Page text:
Athens is due to make a €1.6 billion (£1.1bn) payment to the International Monetary Fund tomorrow – the same day that its current bailout expires – having held months of talks with the fund and its other creditors, the European Central Bank and European Commission.
Jasper Lawler, analyst at CMC Markets UK, said: “Markets have clearly priced in the increased risk of a Grexit, but looking ahead to the referendum on Sunday, odds are probably in favour of Greeks voting to stay in the euro. A ‘yes’ vote would see Athens heading back to the negotiation tables with a softer mandate on austerity. This might enable Greece’s politicians to accept terms put forth by creditors that they weren’t able to previously.”
The FTSE 100 Index tumbled 133.22 points, or 2 per cent, to close at 6,620.48, its lowest level since the start of the year.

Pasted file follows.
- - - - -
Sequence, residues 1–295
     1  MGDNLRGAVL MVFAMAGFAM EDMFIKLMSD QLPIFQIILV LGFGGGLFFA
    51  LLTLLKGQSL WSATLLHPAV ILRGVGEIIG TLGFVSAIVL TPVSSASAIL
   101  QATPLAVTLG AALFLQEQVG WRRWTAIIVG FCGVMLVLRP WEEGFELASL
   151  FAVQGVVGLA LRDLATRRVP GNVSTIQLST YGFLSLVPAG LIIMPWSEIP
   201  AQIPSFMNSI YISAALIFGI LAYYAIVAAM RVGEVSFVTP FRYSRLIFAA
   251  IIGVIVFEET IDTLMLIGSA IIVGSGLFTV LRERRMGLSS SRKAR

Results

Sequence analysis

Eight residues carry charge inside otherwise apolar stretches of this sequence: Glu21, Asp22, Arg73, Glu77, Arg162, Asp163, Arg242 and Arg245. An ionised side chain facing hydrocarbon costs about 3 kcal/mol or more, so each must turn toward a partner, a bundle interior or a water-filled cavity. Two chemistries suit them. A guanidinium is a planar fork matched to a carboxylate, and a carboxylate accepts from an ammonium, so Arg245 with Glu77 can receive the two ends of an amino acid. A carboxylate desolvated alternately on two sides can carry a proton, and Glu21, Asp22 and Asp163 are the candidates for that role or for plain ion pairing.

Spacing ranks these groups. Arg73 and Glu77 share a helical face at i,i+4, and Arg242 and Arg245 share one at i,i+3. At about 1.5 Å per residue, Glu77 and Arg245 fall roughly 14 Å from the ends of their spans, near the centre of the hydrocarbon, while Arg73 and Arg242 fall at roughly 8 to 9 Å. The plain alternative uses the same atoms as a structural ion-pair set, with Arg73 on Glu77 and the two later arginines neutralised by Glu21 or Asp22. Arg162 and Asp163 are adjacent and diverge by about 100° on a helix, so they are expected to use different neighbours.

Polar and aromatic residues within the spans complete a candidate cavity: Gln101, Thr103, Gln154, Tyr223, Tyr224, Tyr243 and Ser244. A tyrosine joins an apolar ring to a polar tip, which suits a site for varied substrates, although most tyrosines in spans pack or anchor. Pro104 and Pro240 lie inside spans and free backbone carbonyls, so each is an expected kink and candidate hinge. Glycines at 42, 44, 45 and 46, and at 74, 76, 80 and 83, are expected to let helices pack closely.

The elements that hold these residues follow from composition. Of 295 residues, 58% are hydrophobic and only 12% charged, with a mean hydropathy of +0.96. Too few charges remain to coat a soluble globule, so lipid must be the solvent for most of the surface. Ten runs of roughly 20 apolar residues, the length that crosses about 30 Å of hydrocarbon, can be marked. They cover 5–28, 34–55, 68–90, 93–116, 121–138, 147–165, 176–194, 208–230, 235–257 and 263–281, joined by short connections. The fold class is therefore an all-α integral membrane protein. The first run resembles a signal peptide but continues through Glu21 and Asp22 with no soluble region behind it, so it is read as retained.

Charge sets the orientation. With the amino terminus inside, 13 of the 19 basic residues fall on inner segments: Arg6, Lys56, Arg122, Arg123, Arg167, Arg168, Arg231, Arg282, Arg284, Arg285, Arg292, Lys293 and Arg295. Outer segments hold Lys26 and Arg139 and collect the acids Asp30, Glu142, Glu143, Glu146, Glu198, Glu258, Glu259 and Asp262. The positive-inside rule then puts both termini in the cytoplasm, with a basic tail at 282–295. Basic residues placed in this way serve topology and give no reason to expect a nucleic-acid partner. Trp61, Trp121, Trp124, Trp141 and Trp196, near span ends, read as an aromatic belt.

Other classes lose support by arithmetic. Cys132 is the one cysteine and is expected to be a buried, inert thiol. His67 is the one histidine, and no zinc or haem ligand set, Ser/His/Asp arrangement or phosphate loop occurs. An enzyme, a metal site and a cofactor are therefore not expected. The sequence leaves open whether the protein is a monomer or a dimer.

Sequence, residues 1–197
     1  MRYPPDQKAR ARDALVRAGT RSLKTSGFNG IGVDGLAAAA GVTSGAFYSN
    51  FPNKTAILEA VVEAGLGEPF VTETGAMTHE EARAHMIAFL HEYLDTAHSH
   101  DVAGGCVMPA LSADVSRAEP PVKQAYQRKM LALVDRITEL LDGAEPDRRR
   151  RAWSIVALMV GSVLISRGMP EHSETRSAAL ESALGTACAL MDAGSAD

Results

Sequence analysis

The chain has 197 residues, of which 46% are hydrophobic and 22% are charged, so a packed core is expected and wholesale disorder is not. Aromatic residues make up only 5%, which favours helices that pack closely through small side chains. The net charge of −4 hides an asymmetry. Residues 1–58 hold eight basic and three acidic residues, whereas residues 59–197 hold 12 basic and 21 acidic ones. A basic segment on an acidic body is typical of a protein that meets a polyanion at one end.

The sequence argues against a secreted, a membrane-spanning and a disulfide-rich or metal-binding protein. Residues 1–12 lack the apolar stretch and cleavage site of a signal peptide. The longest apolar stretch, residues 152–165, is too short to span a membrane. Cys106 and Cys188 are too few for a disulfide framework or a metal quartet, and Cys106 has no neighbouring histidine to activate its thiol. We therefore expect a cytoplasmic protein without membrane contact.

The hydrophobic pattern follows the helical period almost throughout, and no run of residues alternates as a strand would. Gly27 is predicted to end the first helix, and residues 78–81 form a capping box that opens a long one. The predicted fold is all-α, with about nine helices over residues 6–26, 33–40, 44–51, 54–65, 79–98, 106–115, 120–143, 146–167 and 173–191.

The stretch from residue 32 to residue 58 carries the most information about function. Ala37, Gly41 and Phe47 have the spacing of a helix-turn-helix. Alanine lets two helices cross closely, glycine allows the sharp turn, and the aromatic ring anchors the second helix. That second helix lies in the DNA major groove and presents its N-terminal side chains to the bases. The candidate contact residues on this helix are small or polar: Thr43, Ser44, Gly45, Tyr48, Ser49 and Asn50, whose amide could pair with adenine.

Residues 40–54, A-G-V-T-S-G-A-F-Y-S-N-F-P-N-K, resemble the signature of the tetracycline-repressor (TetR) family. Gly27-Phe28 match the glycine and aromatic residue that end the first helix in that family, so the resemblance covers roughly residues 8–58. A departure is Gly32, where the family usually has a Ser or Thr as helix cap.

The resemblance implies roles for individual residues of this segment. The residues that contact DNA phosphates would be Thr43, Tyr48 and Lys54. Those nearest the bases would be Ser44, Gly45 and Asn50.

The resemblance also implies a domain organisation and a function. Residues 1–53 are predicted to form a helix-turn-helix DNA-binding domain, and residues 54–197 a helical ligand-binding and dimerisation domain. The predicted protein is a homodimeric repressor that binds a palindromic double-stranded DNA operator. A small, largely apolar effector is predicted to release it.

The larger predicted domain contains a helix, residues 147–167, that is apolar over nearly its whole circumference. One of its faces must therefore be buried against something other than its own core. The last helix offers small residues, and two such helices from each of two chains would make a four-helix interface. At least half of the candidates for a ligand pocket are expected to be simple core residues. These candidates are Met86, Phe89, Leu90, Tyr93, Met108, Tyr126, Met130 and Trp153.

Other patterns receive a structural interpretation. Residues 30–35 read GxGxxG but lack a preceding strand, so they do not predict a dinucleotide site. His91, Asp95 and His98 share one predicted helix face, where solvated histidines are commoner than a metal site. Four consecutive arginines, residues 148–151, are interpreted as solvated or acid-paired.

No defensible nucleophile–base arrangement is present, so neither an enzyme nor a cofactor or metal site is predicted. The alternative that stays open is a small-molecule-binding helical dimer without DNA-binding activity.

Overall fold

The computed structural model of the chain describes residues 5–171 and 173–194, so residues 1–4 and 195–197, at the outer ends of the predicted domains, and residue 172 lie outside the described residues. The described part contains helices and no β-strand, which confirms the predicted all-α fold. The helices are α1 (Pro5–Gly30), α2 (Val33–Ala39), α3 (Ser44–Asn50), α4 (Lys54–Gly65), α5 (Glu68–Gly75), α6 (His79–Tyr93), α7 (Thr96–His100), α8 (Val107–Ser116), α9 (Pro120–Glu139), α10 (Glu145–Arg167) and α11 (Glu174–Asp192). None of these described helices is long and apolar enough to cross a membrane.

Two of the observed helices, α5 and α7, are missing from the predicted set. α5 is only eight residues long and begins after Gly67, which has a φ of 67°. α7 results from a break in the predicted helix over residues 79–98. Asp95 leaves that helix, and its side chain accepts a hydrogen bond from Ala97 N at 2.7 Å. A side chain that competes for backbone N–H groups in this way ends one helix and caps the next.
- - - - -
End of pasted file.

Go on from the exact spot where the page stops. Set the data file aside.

Defensive commodity stocks were among the few sectors making any gains, with gold miner Randgold Resources up 26p to 4,400p and silver miner Fresnillo 2.5p higher at 700.5p.
Holiday firms and airlines were down sharply after the Tunisia tourist attacks, with First Choice and Thomson owner Tui the biggest blue-chip faller, down 79p or 7.1 per cent at 1,034p, while British Airways parent IAG declined 21.3p or 4.1 per cent to 493.2p.
In the FTSE 250, online grocer Ocado lifted 4.3p to 430p after reports that the firm is close to securing a deal with an international chain that will allow it to expand outside the UK. The retailer, which is due to deliver its half-year results tomorrow, has online tie-ups with supermarkets Waitrose and Morrisons, which dipped 1.6p to 182.6p.